• To provide assurance, through external peer review, of the robustness of the science proposed to address the research questions in the commissioned research programmes
• to review the quality of science provided by Forest Research and external providers to ensure it is fit for purpose and defensible
• to provide a perspective on the quality and applicability of applied research, particularly where it is not subject to formal external peer review
• to support Forest Research scientists through the mentoring and development of its staff, by complementing the work being done by FR itself
• to give advice on opportunities for collaboration and new research programmes
• to provide an independent view to the Commission on forthcoming challenges which might require a research focus in the future
The research and analysis commissioned by the Forestry Commission provides the evidence base for policy formulation, decision making, and the development of best practice in public and private forestry.
Forestry is a devolved function, and research priorities are determined by each country responding to its own policy agenda. This creates challenges as well as opportunities for forestry research and will result in an evolving research landscape, driven by decisions such as the recent formation of Natural Resources Wales (NRW), which subsumed the functions previously performed by Forestry Commission Wales.
However, it is recognised that some functions can best be delivered though cross-border co-operation. The Science and Innovation (S&I) Strategy for British Forestry is undergoing review, and the new Strategy will capture those areas of common interest where a commissioned research programme can be developed to meet the needs of all parties.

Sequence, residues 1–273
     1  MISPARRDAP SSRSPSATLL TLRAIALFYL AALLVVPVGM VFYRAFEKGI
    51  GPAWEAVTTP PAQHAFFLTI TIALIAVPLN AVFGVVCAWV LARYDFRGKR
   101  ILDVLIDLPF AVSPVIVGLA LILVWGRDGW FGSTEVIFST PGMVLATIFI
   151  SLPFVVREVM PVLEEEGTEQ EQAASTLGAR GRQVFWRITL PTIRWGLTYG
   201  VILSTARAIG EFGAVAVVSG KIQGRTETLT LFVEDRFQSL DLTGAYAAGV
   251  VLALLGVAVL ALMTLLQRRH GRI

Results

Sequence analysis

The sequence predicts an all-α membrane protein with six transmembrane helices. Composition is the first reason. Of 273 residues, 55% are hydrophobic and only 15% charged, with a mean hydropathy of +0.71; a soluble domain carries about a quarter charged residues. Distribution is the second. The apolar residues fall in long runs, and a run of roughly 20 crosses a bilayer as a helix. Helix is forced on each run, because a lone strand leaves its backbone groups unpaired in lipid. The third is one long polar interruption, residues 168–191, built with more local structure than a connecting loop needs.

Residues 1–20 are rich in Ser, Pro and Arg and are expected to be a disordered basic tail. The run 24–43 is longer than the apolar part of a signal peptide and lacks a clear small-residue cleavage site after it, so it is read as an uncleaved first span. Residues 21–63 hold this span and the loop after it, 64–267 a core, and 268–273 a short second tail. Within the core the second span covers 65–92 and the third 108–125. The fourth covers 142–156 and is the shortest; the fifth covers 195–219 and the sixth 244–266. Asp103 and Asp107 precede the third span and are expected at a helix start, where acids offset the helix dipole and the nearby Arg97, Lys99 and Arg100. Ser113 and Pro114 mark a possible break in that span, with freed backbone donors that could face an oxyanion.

Forestry research is funded through a number of routes within the Commission. The funding which delivers the S&I Strategy is part of the Defra (Westminster) vote, is managed by the Commission’s Corporate & Forestry Support division, and 90 per cent of it is spent with Forest Research. The devolved administrations in Scotland, Wales and Northern Ireland also fund forestry research through their forestry functions.
Forest Research, as the UK’s foremost body for forest and tree-related research, also undertakes work for other organisations. The Research Councils and various charities also fund forestry research, increasingly in the field of tree health.
The scope of the committee’s work will be with the first of these only, and will focus on the research delivered under the direction of the S&I Strategy.
The Committee operates in line with the Code of Practice for Scientific Advisory Committees, including the UK Government’s Principles for Scientific Advice (GoScience, 2011). It will meet twice a year, and will play a role in setting its own agendas, as well as responding to issues raised by the Forestry Commission.
The committee will establish a policy on what documents are to be published, based on principles of openness and transparency. It will be expected to publish, as a minimum, programmes of work, meeting agendas, minutes, final advice (where appropriate) and an annual report. Unless there are particular reasons to the contrary, the committee should also consider routinely publishing supporting papers. However, the Committee will also respect restricted information of a personal or commercial nature.
The committee’s functions and performance will be subject to three-yearly review by the Forestry Commission. It will formally report to the Commission’s Research Strategy Management Board, which oversees the implementation of the S&I Strategy on behalf of the Commission’s Executive Board.